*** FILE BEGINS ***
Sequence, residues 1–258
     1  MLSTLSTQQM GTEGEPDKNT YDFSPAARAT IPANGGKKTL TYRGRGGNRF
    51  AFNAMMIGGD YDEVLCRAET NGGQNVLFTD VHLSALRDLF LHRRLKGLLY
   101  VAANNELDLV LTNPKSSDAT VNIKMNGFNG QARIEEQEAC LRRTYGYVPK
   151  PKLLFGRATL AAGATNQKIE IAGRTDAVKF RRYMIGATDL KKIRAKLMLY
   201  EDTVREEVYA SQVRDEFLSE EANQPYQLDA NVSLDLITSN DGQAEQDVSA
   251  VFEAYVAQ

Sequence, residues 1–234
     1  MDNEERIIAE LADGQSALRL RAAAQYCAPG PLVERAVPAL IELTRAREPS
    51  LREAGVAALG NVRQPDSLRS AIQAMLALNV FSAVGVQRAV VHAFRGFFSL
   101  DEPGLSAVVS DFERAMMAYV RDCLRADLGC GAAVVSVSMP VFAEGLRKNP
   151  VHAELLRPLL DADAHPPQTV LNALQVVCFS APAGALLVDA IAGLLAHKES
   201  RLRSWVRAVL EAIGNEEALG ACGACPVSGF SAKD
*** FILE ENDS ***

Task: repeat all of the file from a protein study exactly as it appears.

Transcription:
Sequence, residues 1–258
     1  MLSTLSTQQM GTEGEPDKNT YDFSPAARAT IPANGGKKTL TYRGRGGNRF
    51  AFNAMMIGGD YDEVLCRAET NGGQNVLFTD VHLSALRDLF LHRRLKGLLY
   101  VAANNELDLV LTNPKSSDAT VNIKMNGFNG QARIEEQEAC LRRTYGYVPK
   151  PKLLFGRATL AAGATNQKIE IAGRTDAVKF RRYMIGATDL KKIRAKLMLY
   201  EDTVREEVYA SQVRDEFLSE EANQPYQLDA NVSLDLITSN DGQAEQDVSA
   251  VFEAYVAQ

Sequence, residues 1–234
     1  MDNEERIIAE LADGQSALRL RAAAQYCAPG PLVERAVPAL IELTRAREPS
    51  LREAGVAALG NVRQPDSLRS AIQAMLALNV FSAVGVQRAV VHAFRGFFSL
   101  DEPGLSAVVS DFERAMMAYV RDCLRADLGC GAAVVSVSMP VFAEGLRKNP
   151  VHAELLRPLL DADAHPPQTV LNALQVVCFS APAGALLVDA IAGLLAHKES
   201  RLRSWVRAVL EAIGNEEALG ACGACPVSGF SAKD